Modern Inventors and Scientists of African Ancestry

Africans and peoples of African ancestry have been inventors and scientists, contributing to global human knowledge, across various fields, despite often difficult and discriminatory conditions. Machine-making. Jan Ernst Matzeliger, an African-Surinamese, invented an automated shoe-making machine in 1883, producing ten times more shoes than existing methods in America, cutting production costs/prices, and revolutionizing footwear. Electrical… Continue reading Modern Inventors and Scientists of African Ancestry


Rastafari (also Rastafarianism) is a spiritual and political movement which syncretizes elements of Christianity and Pan-Africanism. It started in 1930s Jamaica, inspired by the teachings of Jamaican-born activist Marcus Garvey and following the inauguration of the Ethiopian Emperor Haile Selassie. It is named after Selassie’s pre-coronation name, Ras Tafari. Adherents are called Rastafarians or Rastas. … Continue reading Rastafari

Capoeira: The Afro-Brazilian Martial Art

Capoeira is an Afro-Brazilian martial art which incorporates dance, music and play. Practitioners are capoeiristas. Since it was developed in secret, there is little historical documentation around capoeira. Some say it was created in the 16th century by enslaved West Africans taken to Brazil. With defensive arts forbidden, they camouflaged their practice as dance. Others… Continue reading Capoeira: The Afro-Brazilian Martial Art

Mathematics in Ancient Africa: Lebombo Bone & Others

Innovative record keeping and complex mathematical calculations were commonplace in some of the earliest civilizations of Africa. The oldest mathematical instrument in the world is the Lebombo bone, discovered in the Lebombo Mountains in present-day Swaziland. The bone, which comes from a baboon’s fibula, is dated at 35,000 BCE. The bone bears 29 markings believed… Continue reading Mathematics in Ancient Africa: Lebombo Bone & Others

Françafrique: 1979-Present (Part 3)

Continued from Part 2 1979 [Central African Republic]: ‘Operation Barracuda’ – French troops overthrow Bokassa after over a decade of military and economic support 1979-1992; 1997-present [Republic of Congo]: Despite being a self-proclaimed Marxist, President Nguesso remains under the control of French oil giant Total (previously Elf Aquitane) 1983 [Chad]: ‘Operation Manta’ – 4,000 French… Continue reading Françafrique: 1979-Present (Part 3)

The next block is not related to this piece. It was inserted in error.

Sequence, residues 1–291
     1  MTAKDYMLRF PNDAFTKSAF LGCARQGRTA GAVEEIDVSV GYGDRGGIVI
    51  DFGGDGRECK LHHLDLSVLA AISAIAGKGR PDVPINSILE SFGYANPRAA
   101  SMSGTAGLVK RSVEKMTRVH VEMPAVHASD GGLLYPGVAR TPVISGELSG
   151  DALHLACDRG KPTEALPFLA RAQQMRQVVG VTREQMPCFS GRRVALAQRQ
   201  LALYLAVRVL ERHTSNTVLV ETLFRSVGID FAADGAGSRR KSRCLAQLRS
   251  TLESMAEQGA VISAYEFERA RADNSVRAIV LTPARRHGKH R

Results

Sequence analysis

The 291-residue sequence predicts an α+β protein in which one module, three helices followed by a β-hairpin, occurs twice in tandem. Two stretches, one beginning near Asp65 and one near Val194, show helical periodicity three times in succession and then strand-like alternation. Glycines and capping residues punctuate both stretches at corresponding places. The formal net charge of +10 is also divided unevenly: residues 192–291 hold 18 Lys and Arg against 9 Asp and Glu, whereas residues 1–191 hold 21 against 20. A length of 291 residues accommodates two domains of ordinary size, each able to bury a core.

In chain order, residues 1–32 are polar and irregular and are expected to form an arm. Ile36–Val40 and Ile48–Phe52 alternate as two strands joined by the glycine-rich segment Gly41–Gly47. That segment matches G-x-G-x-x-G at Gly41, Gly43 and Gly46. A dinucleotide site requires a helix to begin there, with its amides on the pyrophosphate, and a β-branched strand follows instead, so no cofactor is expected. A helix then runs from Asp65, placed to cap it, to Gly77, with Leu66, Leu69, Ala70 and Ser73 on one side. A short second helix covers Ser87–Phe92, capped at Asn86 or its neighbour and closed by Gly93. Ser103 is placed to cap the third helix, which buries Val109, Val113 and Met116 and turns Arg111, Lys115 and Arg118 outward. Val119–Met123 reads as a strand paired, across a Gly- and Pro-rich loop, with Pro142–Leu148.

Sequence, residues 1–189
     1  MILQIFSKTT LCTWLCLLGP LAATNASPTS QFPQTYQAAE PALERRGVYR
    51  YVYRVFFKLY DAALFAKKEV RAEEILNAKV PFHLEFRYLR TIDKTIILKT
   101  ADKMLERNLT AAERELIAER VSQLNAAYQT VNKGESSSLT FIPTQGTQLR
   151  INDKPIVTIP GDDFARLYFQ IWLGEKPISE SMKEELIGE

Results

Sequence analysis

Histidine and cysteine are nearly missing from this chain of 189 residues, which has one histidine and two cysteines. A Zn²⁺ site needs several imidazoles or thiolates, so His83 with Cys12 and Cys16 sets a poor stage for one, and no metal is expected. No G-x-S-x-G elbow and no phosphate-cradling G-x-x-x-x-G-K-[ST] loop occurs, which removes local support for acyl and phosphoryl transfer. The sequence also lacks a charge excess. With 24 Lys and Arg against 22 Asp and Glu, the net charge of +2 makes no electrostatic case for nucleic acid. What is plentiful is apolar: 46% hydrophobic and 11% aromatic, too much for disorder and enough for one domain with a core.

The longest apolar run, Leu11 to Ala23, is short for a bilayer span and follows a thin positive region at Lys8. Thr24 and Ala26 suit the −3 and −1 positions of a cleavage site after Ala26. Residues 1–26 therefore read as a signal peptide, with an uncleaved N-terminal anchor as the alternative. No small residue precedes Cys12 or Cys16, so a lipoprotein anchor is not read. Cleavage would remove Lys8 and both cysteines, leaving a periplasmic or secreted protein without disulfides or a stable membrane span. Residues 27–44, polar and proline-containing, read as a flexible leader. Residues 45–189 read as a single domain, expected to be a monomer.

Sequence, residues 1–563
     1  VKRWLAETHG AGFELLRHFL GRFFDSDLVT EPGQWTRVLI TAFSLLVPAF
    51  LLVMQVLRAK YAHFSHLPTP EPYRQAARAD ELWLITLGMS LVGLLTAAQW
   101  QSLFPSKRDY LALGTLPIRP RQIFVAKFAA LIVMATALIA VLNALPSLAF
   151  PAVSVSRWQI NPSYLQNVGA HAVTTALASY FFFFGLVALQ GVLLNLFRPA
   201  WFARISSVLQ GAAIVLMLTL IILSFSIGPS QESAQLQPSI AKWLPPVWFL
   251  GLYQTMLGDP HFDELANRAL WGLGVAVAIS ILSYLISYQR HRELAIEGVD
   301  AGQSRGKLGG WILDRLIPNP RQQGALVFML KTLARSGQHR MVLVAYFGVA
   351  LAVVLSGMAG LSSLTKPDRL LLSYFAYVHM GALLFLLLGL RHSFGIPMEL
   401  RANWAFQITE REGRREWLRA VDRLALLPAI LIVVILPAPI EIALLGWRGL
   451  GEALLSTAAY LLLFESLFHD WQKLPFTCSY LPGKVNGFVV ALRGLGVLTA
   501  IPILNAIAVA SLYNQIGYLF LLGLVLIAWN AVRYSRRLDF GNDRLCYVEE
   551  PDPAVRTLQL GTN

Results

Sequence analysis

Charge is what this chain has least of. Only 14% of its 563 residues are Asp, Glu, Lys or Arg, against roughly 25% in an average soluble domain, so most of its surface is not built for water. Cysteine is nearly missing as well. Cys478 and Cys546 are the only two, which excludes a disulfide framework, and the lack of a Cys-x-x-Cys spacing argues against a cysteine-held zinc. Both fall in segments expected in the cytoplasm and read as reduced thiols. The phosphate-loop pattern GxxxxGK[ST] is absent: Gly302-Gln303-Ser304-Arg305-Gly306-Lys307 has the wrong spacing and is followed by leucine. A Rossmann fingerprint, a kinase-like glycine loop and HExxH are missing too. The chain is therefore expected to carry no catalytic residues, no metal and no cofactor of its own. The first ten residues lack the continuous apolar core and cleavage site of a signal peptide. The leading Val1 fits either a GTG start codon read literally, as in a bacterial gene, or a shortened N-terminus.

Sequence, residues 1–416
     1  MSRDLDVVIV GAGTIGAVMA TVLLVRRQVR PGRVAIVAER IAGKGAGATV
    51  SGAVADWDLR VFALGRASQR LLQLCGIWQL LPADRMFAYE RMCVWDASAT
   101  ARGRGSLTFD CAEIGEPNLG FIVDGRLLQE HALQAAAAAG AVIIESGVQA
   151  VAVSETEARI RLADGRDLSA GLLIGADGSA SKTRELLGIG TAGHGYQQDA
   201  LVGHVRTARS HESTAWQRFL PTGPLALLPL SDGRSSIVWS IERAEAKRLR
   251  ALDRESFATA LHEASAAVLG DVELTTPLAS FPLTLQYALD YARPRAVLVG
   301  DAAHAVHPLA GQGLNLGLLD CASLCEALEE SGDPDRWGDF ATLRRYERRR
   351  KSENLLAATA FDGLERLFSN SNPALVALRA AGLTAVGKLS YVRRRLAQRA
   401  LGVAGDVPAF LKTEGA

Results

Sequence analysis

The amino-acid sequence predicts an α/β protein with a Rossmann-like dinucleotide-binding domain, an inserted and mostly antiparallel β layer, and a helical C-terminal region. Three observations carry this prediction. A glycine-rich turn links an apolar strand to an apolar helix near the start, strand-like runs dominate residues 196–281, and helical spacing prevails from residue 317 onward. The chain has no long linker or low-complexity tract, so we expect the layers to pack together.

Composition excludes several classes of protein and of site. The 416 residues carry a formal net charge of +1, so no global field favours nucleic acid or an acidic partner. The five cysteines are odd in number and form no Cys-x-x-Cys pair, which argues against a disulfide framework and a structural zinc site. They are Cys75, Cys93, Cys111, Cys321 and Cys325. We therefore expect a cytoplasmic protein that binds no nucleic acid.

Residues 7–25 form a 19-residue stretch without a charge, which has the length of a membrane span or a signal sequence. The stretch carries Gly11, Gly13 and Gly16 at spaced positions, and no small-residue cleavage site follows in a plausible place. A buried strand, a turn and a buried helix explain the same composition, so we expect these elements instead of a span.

Françafrique: 1954-1978 (Part 2)

Continued from Part 1 Below is a timeline of some (but definitely not all) Françafrique events: 1954-1962 [Algeria]: Over 1 million Algerians killed by French forces in War of Independence 1957 [France]: French Prime Minister François Mitterrand says, “Without Africa, France will have no history in the 21st century.” 1958 [Guinea]: After Guinean leader Sekou… Continue reading Françafrique: 1954-1978 (Part 2)

Françafrique: France’s Relationship with Its Former African Colonies (Part 1)

France is often heralded around the world as a bastion of liberty and democratic ideals, and yet France’s record in Africa speaks otherwise, even up to the current day. The relationship between France and its former colonies is referred to as ‘Françafrique’ (a portmanteau of ‘France’ and ‘Africa’ in the French language), a term coined… Continue reading Françafrique: France’s Relationship with Its Former African Colonies (Part 1)

Yasuke: The Mozambican Samurai Who Helped to Unify Japan

Tom Cruise’s character in The Last Samurai (2003) was not the only non-Japanese to achieve the rank of samurai. In 1579, an African traveller named Yasuke arrived on the shores of Japan in the service of Italian Jesuit missionary Alessandro Valignano, either as a slave or indentured servant. Historians still debate Yasuke’s country of origin,… Continue reading Yasuke: The Mozambican Samurai Who Helped to Unify Japan